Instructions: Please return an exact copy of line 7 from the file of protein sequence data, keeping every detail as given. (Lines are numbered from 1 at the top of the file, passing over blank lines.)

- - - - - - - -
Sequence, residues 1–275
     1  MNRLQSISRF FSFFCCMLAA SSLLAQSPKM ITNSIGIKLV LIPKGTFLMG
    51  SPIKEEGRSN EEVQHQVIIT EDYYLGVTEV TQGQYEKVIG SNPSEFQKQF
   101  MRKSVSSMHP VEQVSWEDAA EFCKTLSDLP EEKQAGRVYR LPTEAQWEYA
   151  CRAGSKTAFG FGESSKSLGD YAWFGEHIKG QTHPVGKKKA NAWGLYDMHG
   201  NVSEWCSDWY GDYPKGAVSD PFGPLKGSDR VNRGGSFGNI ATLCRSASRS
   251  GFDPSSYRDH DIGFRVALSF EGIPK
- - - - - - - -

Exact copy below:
   251  GFDPSSYRDH DIGFRVALSF EGIPK